He also underlined a need for a consolidated effort for implementation of policies introduced by various agencie“. "So far, every agency or ministry is moving ahead on their own without taking consideration of another institution's initiative. This is created duplication, confusion and mismatch. There should be a single agency that can consolidate and collaborate with each othe”s," said Dhakal.
Amid growing presence and expansion of the ICT, Republica held a roundtable with the officials of CAN Federation to discuss the issues, problems and possibilities of the ICT sector. Excerpts:
Knowledge-based industry has high potential
Binod Dhakal President
We need to take ICT to rural areas. CAN Federation has already launched a campaign to provide ICT services to rural communities as well. We have already expanded our network to 56 of the 75 districts. Our district chapters have been working for the development of ICT sector. Use of ICT is growing, but more at personal level. The use of ICT in public sphere is still very low.
Though different ministries -- education, industry and agriculture -- have devised their own policies and programs on ICT, they lack an integrated approach to deal with the ICT sector for its holistic growth. We introduced tele-center program as a movement throughout the country to increase people's access to ICT. This approach was really practical for countries like Nepal were all people cannot afford computers. They could get benefits from such tele centers. But it was discontinued soon.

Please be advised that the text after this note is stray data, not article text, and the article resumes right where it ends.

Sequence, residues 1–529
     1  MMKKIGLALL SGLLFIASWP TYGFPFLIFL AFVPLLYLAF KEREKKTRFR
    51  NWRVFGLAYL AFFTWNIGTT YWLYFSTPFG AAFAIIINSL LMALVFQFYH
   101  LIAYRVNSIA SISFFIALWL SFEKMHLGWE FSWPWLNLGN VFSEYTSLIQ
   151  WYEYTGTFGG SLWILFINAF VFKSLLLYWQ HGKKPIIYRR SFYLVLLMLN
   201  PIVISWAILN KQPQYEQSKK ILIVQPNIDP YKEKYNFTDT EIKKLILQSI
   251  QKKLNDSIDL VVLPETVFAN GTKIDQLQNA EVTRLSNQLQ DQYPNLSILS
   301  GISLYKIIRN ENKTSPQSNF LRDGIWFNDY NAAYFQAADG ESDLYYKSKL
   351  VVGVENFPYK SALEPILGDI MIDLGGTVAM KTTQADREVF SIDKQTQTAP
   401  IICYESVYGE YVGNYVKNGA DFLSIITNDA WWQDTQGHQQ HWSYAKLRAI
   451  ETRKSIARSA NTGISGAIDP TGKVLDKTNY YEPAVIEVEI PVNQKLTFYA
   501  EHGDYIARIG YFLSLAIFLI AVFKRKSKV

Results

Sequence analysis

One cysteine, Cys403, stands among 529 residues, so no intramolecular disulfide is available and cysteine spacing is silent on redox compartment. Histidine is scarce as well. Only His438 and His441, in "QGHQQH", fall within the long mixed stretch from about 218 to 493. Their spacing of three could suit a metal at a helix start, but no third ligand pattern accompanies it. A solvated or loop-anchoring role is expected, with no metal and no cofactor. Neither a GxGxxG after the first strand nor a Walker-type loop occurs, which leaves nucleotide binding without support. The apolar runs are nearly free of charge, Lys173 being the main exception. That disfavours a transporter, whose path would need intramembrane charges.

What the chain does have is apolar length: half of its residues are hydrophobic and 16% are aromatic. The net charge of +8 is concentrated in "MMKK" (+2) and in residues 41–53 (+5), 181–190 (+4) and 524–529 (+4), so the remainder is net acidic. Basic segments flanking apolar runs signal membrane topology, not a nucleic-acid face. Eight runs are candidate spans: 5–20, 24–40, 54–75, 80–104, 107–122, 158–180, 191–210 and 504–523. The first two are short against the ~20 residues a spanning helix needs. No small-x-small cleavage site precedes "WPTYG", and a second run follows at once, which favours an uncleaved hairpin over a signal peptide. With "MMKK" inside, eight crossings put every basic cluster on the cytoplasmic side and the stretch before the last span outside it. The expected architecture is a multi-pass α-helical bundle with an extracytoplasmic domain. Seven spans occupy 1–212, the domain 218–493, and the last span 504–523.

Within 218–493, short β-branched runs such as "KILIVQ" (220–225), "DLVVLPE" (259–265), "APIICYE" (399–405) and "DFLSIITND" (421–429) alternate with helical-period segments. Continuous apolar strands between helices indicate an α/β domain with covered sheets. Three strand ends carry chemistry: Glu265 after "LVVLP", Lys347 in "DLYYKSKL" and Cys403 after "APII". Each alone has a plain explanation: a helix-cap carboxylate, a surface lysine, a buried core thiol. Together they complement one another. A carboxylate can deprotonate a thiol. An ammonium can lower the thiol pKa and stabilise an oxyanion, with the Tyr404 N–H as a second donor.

CAN Federation wants to launch 'eNepal' campaign that facilitates people to pay their telephone and water bills as well as tax via online payment system from the comfort of their home. It is unfortunate that Rs 8 billion, which is meant to develop ICT sector, is lying idle with Rural Telecommunications Development Fund.
The government is connecting all district headquarters by fiber network which is a very positive development. The government should make sure that it is completed within the stipulated timeframe.